It is difficult to ascertain at this stage how many more clubs are behind the Salford owner’s proposals, but history would suggest they are resistant to any attempts to radically change the status quo.
Dr Koukash’s attempts to change the salary cap have generally met with stern resistance and although he did eventually win a ‘marquee player’ exception, the majority have repeatedly voted against raising the cap from its current limit of £1.825million.
As many have already pointed out, Wigan Warriors chairman Ian Lenegan attempted to lead a revolt over proposed changes to the league structure in 2013, only to be defeated.
It would be fair to say both Hull Kingston Rovers’ chief Neil Hudgell and Wakefield Trinity Wildcats’ Michael Carter both sympathise with Dr Koukash, at least if the various correspondences between the three on social media are anything to go by.
But while both have remained tight-lipped over a split from The RFL, Carter did send a cryptic tweet to Sky Sports commentator Rod Studd earlier this week in response to the punishment handed out to Danny England after being found guilty of punching.

One chairman who Koukash is unlikely to find much favour with though is Catalans Dragons supremo Bernard Guasch.

What about the Catalans Dragons?
The French side, who have been mainstays of English rugby league’s top flight for a decade now, were another one who got it both barrels from the Salford owner during his one-hour press conference.
One of the main bones of contention for Dr Koukash is what he sees as the Dragons having failed in one of their aims, which was to grow the game of rugby league in France.
“I am all for growing the sport, not just in this country but others including France,” said Koukash. “But I know 10 years ago the French said their aim was to have 75 percent of their players playing for France.
“I look at the team we played recently – 11 of them do not qualify to play for France. That’s almost 75 percent of their players not qualifying to play for France, so we have failed to grow the sport.
“But when I look at the players closely, I notice there are nine non-European players. And I think ‘every team is only allowed seven, how are Catalans getting nine?’”
Dr Koukash is correct in that Section B1:15 of the Operational Rules states clubs are not allowed more than seven players who are not Federation Trained or Academy Juniors.
However, there are exceptions to this. For starters, The RFL have the power under Section B1:17 to grant an exemption to this rule. The Catalans, along with London Broncos and the Crusaders when they were both in Super League, have both benefitted from that in the past due to being considered “non-heartland” teams.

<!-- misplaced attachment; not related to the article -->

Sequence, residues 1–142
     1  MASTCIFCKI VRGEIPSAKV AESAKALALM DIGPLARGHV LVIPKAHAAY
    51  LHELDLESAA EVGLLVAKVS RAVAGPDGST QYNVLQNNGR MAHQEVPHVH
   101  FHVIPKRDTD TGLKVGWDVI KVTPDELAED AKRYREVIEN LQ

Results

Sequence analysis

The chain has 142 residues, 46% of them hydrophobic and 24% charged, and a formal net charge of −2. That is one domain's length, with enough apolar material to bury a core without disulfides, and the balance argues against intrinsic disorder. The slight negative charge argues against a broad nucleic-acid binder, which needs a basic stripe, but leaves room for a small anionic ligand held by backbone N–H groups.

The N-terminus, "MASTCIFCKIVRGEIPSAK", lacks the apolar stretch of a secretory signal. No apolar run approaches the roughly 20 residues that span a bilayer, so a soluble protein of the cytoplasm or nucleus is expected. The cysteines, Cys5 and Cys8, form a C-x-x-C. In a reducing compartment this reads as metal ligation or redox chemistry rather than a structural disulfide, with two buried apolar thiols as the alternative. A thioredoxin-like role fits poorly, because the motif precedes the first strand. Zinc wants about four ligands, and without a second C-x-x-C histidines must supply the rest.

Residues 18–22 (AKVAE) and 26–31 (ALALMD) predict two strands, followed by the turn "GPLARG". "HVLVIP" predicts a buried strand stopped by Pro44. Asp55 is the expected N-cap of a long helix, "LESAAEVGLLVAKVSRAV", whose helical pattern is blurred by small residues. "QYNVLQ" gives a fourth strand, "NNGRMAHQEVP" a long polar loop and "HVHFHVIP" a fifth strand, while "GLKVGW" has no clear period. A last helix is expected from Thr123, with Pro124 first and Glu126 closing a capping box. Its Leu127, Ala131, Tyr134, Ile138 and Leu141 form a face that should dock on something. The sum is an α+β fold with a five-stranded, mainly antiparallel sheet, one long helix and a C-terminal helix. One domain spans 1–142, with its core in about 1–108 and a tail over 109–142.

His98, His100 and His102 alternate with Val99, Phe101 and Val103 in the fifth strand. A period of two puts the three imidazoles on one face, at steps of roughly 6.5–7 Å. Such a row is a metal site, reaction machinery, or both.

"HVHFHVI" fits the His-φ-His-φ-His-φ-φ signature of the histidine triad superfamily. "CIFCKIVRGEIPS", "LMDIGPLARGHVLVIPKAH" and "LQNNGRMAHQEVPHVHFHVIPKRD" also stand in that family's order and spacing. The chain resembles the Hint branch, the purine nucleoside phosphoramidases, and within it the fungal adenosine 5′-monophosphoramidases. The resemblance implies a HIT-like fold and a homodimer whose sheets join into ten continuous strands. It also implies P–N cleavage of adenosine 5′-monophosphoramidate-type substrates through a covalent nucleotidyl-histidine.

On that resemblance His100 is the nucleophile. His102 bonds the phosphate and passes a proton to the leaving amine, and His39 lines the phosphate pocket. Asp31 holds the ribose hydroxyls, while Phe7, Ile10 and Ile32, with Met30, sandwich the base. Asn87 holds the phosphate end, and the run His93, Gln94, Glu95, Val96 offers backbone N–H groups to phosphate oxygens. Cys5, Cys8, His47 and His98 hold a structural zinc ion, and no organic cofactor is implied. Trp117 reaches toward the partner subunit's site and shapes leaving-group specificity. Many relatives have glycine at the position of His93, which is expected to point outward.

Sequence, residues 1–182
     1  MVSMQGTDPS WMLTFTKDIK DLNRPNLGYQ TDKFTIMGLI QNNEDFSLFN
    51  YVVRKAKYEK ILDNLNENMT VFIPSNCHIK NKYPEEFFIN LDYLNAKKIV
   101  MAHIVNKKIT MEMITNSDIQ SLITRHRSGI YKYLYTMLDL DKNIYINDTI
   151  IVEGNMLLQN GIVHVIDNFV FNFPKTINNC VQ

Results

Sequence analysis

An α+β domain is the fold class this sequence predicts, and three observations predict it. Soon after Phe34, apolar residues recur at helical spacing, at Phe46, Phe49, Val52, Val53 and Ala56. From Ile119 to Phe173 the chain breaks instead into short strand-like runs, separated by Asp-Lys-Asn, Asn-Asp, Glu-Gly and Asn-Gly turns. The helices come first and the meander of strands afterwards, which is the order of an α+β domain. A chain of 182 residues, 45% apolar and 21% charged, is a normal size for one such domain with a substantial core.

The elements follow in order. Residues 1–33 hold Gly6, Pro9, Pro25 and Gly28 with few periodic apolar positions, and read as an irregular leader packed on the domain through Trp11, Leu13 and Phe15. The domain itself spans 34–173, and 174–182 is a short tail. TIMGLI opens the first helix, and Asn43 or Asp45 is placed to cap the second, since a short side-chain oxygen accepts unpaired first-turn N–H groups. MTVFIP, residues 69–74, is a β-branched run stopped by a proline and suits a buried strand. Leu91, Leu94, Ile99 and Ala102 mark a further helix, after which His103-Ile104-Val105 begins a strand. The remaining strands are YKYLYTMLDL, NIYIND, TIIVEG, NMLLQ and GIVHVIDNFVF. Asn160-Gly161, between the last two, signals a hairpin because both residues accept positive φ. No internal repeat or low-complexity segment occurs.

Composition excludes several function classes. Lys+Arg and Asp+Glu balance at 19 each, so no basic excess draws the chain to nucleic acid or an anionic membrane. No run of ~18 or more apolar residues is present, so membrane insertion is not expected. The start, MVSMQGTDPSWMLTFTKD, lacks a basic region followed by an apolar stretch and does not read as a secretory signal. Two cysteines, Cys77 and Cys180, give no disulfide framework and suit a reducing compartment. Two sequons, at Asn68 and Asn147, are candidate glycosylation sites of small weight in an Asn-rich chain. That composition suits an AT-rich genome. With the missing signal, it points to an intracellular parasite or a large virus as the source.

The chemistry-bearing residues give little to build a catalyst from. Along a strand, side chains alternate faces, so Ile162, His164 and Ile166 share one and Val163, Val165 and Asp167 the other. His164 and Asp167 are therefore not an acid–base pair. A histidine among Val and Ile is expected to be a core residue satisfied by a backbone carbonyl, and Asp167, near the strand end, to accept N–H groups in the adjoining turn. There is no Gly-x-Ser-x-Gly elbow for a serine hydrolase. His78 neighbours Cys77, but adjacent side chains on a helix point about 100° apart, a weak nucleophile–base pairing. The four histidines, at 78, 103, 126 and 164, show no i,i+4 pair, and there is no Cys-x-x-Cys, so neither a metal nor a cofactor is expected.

Secondly, while there are 11 members of the Catalans squad who are non-French players, five of those do not count under the foreign quota due to either holding European passports or coming under the Kolpak regulations.
Richie Myler and Jodie Broughton are both British, while Pat Richards holds an Irish passport having represented the country at the 2008 Rugby League World Cup.
Paul Aiton and Willie Mason hold Papua New Guinean and Samoan passports respectively too, which means they do not come under the foreign quota as those countries are part of the ACP group of nations and have a trade agreement with the EU.
Has the Catalans project failed though? Insomuch as having 75 percent of their players playing for the national team, yes.
However, the growth in the number of French players playing in Super League over the past ten years has to be seen as a sign something is being done right, while the Dragons have certainly become a force to be reckoned with since finishing bottom in their first season.
Dr Koukash also expressed consternation about how much the Catalans continue to cost the other 11 clubs in Super League, putting it at £100,000 per club per season due them having to pay the French side’s travelling expenses.
His comments about the Catalans bringing relatively few away fans with them seemed somewhat unfair though.
After all, it is not like fans of an English team being able to save up for one weekend trip to the south of France a season, it is having to go to England every other week, so no wonder so few do follow the team on the road.
For his part, Guasch seemed surprised by the criticism and released a statement in response.
“We were used to better manners from the chairmen and owners from other Super League clubs,” said the Catalans chairman.